Raymond J. (1926 - 1946)
Surnames: BRUESEWITZ KOPER BEHRENDT BENNETT
----Sources: Marathon County Register (Unity, Clark Co. Wis.) 08/23/1946
Bruesewitz, Raymond J. (1926 - 17 Aug. 1946)
Spencer Youth Dies in Italy
The following telegram was received Monday evening by Mr. and Mrs. Fred H. Bruesewitz:
The Secretary of War has asked me to express his deep regret that Private Raymond J. Bruesewitz died in Italy August 17th as a result of gun shot wounds accidentally incurred.
Confirming letter follows. Signed:
Adj. General Army
This tragic news of the death of Raymond, (Johnny) as he was lovingly called by his family and friends received Monday evening was almost unbelievable.
Less than a month ago ? around July 24th, he left the states.
The Record hopes to print full details next week of the accident and in the meantime the Record and all of Spencer and community are sympathizing with Mr. and Mrs. Fred Bruesewitz, and their children, Wilmer, Betty and Fred Jr., who ? loyally have given two of their sons and brothers to their country, Harold, the oldest son, having died in action in Belgium January 25, 1945.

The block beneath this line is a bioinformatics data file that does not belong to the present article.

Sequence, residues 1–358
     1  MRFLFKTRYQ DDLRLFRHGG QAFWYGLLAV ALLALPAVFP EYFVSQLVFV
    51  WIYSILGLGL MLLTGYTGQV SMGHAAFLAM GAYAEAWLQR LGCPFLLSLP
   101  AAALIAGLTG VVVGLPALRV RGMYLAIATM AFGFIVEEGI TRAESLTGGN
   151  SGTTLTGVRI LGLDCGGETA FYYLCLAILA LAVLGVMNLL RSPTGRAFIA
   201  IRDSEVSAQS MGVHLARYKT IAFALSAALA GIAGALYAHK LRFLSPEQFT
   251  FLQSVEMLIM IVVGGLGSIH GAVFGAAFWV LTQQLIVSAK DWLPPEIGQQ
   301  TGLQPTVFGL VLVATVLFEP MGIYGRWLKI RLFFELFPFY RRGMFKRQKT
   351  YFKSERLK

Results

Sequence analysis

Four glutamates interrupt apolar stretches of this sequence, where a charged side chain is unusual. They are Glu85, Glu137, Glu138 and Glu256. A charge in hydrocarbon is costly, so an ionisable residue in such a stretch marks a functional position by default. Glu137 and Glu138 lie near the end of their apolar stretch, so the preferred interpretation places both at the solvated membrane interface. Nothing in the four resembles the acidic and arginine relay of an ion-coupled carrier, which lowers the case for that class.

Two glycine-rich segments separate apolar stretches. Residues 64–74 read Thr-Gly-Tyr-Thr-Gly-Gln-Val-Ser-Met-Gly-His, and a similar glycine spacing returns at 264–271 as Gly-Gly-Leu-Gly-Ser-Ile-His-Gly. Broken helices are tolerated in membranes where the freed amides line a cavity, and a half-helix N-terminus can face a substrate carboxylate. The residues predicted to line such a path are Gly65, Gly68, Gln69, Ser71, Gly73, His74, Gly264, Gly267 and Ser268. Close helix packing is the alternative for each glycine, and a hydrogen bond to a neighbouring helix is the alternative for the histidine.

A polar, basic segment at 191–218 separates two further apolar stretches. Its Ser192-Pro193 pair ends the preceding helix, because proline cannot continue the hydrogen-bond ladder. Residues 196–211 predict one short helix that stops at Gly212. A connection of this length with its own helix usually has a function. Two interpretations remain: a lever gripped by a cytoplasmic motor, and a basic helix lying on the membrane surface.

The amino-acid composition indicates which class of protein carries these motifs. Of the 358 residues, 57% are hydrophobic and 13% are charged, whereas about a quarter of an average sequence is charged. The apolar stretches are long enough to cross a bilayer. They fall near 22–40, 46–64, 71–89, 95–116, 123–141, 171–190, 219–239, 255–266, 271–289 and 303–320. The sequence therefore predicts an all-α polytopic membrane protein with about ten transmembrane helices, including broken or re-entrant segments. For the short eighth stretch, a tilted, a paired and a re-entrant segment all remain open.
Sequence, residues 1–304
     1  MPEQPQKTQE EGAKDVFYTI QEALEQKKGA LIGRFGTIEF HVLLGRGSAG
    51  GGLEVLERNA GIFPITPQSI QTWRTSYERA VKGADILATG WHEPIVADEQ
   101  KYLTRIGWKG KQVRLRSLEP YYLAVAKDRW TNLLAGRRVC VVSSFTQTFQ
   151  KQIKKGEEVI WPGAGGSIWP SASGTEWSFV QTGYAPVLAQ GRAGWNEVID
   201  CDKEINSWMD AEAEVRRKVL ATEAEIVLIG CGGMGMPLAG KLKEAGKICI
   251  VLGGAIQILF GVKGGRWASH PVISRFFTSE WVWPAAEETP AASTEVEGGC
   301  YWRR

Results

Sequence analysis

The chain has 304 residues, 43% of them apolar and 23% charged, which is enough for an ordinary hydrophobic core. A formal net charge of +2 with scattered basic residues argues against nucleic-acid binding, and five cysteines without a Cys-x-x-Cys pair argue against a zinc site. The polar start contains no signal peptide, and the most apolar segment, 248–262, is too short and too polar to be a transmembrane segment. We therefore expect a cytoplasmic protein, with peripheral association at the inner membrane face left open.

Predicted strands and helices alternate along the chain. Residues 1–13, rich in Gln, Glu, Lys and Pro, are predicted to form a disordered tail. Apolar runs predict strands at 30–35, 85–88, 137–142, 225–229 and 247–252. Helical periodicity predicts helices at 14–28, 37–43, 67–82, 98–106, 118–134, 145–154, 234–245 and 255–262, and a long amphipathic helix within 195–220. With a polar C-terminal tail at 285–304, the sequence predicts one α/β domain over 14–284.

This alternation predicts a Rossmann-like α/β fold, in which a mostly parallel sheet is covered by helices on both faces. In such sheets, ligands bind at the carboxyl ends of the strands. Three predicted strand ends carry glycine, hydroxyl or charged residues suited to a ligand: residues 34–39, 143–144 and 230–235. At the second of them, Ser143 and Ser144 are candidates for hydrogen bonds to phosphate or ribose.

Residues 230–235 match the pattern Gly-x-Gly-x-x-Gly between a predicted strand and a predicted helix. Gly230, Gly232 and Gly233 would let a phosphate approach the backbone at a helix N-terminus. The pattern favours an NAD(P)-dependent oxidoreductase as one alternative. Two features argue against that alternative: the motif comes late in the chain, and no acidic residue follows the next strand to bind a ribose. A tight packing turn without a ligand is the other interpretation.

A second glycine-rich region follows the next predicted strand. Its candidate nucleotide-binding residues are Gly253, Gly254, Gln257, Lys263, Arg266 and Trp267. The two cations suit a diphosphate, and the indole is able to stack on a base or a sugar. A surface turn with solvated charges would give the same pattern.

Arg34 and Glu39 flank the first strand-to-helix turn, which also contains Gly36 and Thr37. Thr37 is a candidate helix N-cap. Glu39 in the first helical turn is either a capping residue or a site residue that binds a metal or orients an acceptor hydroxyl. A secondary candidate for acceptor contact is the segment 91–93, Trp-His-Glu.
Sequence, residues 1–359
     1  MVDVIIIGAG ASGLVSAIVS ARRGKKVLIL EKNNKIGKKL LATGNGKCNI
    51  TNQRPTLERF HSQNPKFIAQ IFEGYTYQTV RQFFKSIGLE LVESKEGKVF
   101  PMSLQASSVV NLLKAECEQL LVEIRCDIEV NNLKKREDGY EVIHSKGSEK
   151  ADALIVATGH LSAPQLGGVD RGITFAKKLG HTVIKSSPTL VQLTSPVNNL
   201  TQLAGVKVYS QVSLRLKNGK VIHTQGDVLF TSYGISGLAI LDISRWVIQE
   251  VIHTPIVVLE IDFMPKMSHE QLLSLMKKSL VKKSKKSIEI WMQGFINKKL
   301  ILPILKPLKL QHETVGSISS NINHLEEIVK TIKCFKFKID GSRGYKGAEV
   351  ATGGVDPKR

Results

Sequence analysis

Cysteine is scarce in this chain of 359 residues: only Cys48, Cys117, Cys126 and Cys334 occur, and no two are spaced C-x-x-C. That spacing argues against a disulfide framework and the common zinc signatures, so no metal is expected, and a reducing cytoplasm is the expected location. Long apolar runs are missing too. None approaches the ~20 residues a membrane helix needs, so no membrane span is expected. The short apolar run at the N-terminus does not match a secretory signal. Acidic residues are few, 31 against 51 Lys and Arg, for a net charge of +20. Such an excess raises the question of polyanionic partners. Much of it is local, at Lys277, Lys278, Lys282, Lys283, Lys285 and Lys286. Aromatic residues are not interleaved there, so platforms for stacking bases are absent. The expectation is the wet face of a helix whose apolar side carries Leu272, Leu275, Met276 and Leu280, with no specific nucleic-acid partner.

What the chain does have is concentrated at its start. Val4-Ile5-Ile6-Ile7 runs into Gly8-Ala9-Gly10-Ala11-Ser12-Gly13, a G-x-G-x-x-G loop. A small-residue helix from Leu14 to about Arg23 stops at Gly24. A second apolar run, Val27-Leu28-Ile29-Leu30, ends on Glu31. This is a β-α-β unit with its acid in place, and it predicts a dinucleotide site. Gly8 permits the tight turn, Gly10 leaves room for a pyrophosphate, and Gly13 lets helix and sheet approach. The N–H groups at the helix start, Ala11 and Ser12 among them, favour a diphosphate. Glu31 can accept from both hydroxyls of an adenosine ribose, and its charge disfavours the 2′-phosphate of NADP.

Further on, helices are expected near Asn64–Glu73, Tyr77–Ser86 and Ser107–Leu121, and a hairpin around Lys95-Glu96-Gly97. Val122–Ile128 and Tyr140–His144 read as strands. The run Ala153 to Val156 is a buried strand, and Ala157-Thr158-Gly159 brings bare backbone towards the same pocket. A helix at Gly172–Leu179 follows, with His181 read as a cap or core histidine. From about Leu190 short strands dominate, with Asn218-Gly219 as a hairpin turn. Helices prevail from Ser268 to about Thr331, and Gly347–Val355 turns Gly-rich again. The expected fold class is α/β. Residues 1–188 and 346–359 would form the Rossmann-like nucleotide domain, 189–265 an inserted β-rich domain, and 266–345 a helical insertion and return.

These two heroic ? are graduates of Spencer High, Harold in 1939 and Johnny in 1941.
* * * *
----Sources: Marathon County Register (Unity, Clark Co. Wis.) 11/15/1946
Mr. and Mrs. Fred H. Bruesewitz have received information from a nephew, Pvt. Norman Behrendt, son of Mr. and Mrs. Henry Behrendt, of Athens, who is stationed in Germany at present, about the fatal shooting of their son, Pvt. Raymond J. Bruesewitz, August 17, 1946.
Pvt. Robert Bennett of the same company, Co. C, 351st Infantry Regiment, received a sentence of three years at hard labor and a dishonorable discharge for the killing, which was judged man-slaughter because of his lack of knowledge of the carbine, with which he was armed when the shooting took place while he was on guard.
Another soldier, Pvt. Barney Koper, also was injured at the same time and now has fully recovered. Mr. and Mrs. Bruesewitz have also received a long letter from Pvt. Koper, who is still in Italy.
Mr. and Mrs. Bruesewitz were in receipt of another letter on Tuesday of this week from Pvt. Koper in which he wrote that Pvt. Bennett had been freed from the sentence imposed upon him and that perhaps the charge of manslaughter in the shooting of Pvt. Bruesewitz would be dropped.
This was good news to Mr. and Mrs. Bruesewitz who bear no grudge whatsoever in the case. Mrs. Bruesewitz stating that it could have very easily been the other way around.
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